Teachers in the USA's largest school districts missed an average of 11 days, according to a report on teacher attendance released Tuesday.
The study from the National Council on Teacher Quality looked at attendance for more than 234,000 teachers in 40 districts during the 2012-13 year and found that 16% of all teachers were classified as chronically absent because they missed 18 days or more.
"While these big-city school districts are struggling to improve student achievement, they may be overlooking one of the most basic aspects of teacher effectiveness: every teacher being regularly on the job, teaching kids," said Kate Walsh, president of the Washington think tank that advocates for reform in recruiting, retaining and compensating teachers. It receives its money from private foundations, including the Bill and Melinda Gates Foundation.
The study found that Seattle had 41.3% of teachers who were frequently absent.
Nancy Waymack, the council's managing director for district policy and co-author of the report, said teacher absences affect student achievement.
"No matter how engaging or talented they are, teachers can only have an impact if they are in the classroom," she said.
Among the cities with the lowest average teacher absences: Indianapolis; Washington, D.C.; Louisville; Milwaukee; and Tampa. Those with the highest teacher absences were Cleveland; Columbus, Ohio; Nashville; Portland, Ore.; and Jacksonville.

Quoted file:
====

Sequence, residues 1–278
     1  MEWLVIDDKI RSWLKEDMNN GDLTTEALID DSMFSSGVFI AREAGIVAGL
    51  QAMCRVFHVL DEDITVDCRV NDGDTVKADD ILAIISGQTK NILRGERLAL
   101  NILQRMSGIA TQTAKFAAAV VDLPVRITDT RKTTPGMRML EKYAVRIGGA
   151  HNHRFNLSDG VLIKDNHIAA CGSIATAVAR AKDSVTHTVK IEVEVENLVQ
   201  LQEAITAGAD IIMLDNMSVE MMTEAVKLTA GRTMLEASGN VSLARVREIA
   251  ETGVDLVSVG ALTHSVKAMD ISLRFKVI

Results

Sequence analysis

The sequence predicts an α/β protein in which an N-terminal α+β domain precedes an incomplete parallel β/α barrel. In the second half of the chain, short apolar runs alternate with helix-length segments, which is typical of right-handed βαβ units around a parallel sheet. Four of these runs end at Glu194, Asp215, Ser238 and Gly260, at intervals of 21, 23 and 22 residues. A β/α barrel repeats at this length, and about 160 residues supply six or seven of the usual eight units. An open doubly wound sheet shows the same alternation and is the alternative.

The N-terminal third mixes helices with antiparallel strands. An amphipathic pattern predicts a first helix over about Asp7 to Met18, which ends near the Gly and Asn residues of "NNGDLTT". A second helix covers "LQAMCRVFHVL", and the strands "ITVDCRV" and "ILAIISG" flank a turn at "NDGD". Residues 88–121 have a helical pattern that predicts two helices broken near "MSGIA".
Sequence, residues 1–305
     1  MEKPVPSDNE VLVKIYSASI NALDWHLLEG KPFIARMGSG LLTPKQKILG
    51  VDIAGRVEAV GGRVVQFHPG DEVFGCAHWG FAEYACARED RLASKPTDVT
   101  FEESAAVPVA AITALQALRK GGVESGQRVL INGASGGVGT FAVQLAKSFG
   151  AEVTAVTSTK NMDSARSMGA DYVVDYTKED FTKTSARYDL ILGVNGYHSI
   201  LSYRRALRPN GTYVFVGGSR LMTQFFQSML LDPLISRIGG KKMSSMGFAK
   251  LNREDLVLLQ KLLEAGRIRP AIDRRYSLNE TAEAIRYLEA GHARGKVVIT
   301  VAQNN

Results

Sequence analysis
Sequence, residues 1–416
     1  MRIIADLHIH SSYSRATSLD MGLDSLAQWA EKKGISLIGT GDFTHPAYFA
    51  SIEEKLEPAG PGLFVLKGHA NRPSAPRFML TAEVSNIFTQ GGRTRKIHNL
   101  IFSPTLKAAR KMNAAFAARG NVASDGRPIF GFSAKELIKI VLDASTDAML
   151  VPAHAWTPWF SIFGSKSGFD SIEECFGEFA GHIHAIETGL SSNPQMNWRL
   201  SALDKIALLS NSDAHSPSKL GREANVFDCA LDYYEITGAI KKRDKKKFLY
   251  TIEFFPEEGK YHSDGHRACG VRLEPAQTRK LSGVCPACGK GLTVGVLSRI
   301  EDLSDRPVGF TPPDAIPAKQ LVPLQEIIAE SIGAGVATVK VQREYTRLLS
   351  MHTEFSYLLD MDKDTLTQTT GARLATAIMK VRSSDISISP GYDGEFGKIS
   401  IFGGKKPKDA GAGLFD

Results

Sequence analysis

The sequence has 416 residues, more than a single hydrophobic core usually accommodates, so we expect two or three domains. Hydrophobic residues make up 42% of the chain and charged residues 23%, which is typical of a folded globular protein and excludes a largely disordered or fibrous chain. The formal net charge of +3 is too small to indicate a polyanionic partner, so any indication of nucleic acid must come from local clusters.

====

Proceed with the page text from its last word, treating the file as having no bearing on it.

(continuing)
"Most of the time, teachers are showing up like clockwork. They have a 94% attendance rate at the districts we studied, but it varies significantly from teacher to teacher," Waymack said.
While some may find fault with teachers in the report, "an overall 94% attendance rate shows the extraordinary dedication of teachers across the country who come to school each day ready and excited to teach," said President Randi Weingarten of the American Federation of Teachers.
"This kind of stability is what our kids need to succeed," she said.
Officials in Columbus schools, which had 68.2% of its teachers absent for more than 10 days during the school year — the worst of all districts studied — said they would revisit their policies immediately and look at other school systems that do well in this area.
The National Education Association said it would like to have seen data on chronically absent teachers for more than one school year.
"Teacher absences are unavoidable," Segun Eubanks, the NEA's director of teacher quality, said in a statement. "There will be illnesses, professional development opportunities and other avoidable, but legitimate reasons for teacher absence. We should certainly focus on ways to improve teacher attendance and avoid unnecessary teacher absences, but we also should focus equally on preparing for these absences" and set high standards for substitute teachers.
The study, based on an average 186-day school year, did not include long-term absences for serious illness or maternity and paternity leave. It broke down short-term absences into four categories: excellent attendance, three or fewer days absent; moderate attendance, four to 10 days absent; frequently absent, 11 to 17 days; and chronically absent, more than 18 days.